Iron Fist was a comic character I loved when I was a kid even though he was marginal and even if I didn’t have many issues with him in them. The issue where he was killed (back when people died in comics and stayed dead) completely upset me. So I have some bias toward buy-in when it comes to the Netflix series.
Oddly though, I’m not feeling it, which means that, of the five seasons of television springing from Netflix’s and Marvel’s collaboration I’ve liked only Jessica Jones. That’s not a great record. (And I’ve really not liked Daredevil.)
I’m not done with (and not binging) Iron Fist though so maybe things will turn around. For now I just want to note for future reference that the thing that drives me crazy with the series so far is the sense that Danny Rand isn’t so much a character as he is a mash-up of various possiblities of how to imagine the character.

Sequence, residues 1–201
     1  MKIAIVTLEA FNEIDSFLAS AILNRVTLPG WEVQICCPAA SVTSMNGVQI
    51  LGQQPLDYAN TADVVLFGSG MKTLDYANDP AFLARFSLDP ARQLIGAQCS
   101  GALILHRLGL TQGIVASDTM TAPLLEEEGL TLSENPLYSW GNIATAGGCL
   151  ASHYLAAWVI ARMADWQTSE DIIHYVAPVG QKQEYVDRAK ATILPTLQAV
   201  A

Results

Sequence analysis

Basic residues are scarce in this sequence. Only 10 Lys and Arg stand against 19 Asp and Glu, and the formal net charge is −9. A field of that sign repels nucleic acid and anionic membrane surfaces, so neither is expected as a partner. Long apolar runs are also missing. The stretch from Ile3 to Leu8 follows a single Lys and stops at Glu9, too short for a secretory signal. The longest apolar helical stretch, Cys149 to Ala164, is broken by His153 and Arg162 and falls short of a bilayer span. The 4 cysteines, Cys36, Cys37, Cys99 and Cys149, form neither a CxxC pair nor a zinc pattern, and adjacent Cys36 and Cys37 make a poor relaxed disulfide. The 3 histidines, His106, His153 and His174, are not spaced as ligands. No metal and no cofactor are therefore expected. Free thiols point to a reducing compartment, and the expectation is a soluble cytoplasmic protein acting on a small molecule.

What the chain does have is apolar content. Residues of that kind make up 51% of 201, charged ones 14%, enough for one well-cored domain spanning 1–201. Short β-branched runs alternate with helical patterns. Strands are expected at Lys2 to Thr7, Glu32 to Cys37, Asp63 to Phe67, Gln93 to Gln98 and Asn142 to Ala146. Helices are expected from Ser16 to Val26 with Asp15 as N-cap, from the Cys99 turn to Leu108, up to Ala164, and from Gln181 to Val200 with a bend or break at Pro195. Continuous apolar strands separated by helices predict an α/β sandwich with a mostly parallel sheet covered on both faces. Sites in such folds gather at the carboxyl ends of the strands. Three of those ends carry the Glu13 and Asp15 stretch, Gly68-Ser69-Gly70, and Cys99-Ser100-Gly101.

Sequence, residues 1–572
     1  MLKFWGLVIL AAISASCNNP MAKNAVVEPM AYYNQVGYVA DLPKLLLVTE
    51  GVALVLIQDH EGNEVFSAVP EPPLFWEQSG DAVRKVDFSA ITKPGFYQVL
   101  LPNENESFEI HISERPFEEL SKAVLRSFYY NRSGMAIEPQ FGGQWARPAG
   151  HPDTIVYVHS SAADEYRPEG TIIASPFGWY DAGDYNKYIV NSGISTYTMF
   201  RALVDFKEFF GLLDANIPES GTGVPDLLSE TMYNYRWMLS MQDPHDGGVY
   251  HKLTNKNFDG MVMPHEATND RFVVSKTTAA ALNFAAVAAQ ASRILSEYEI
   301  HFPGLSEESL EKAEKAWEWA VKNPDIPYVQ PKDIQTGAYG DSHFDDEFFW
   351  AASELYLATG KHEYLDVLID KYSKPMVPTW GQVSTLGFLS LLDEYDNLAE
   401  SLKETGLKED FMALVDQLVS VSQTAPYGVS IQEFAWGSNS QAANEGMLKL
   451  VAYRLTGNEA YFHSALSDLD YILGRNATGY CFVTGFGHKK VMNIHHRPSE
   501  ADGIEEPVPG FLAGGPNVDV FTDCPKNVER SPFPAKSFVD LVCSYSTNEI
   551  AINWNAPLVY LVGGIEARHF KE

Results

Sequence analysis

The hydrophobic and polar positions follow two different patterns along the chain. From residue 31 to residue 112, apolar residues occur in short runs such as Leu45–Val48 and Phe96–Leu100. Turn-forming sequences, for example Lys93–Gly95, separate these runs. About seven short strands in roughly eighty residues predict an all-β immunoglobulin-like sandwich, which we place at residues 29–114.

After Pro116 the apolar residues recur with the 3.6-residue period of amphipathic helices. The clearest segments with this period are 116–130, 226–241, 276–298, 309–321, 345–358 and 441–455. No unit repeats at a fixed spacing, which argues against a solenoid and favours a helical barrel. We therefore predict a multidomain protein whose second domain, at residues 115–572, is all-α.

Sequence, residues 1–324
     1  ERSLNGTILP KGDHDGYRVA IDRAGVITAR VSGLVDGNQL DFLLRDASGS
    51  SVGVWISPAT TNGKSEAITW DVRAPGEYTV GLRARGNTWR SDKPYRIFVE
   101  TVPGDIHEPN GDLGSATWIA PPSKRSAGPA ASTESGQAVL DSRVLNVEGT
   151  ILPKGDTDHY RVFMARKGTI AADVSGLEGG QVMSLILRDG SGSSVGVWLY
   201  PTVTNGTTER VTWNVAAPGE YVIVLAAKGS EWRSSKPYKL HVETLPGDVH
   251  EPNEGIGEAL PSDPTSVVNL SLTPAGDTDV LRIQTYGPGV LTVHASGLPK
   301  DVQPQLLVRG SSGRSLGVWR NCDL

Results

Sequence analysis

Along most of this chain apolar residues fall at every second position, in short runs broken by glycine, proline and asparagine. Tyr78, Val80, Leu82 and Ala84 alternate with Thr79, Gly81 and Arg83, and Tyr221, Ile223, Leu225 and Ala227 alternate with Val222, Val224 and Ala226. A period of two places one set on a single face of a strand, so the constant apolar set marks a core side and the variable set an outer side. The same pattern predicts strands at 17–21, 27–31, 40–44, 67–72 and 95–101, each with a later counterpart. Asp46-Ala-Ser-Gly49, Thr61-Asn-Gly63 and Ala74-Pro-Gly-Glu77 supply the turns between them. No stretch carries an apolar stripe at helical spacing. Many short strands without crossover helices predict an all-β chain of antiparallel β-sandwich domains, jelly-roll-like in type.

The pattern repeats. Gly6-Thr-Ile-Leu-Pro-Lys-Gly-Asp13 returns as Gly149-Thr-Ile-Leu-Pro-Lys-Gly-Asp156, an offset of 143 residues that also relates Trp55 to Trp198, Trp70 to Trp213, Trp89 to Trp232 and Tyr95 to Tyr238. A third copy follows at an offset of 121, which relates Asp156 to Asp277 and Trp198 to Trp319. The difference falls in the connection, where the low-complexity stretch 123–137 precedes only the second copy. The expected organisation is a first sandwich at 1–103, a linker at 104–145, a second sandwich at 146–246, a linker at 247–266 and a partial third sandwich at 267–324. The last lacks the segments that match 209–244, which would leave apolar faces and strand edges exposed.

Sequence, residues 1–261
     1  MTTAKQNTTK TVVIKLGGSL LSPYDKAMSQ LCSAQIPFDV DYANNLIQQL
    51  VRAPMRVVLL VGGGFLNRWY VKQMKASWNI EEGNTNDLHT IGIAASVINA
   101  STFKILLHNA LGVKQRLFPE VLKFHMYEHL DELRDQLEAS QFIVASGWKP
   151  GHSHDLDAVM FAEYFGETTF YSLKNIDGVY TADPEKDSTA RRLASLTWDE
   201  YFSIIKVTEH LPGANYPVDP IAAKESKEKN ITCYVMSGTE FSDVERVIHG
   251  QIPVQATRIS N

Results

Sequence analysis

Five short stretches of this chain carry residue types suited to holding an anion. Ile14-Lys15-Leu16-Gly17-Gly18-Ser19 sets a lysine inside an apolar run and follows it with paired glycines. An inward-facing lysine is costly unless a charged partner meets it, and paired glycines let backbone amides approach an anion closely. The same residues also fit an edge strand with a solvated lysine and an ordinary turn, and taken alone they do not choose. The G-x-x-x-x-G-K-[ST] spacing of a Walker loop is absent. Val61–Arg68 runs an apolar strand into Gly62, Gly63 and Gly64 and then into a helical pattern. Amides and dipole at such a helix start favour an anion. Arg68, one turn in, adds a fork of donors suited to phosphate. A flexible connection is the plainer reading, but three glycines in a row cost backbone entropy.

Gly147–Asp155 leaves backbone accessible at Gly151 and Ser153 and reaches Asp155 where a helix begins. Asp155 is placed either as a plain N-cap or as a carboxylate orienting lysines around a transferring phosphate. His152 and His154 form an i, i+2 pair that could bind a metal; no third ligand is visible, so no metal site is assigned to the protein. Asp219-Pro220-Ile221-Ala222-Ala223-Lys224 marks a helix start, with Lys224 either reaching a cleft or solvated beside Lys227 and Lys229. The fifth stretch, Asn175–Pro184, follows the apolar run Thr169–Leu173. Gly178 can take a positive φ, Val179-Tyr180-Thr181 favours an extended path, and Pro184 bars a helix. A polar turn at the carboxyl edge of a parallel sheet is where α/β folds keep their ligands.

Contradictory responses and desires are one way to generate the illusion of depth and complexity. But here, the variations in character traits read as confusion because they so often manifest at moments when the shift enables a plot development. So Danny’s naive but menacing when he needs to be misunderstood enough to be confined to a mental hospital, but he’s controlled and cagey when he needs to suddenly have money and cultivate allies. And the difference between the two feel less like personae adopted by a complex character than alternative versions of the character, each appearing when necessary to advance the plot.
This interaction between plotting and character development makes sense, but I hadn’t thought of it so directly before watching the initial episodes of this show.
So maybe more to come about the series…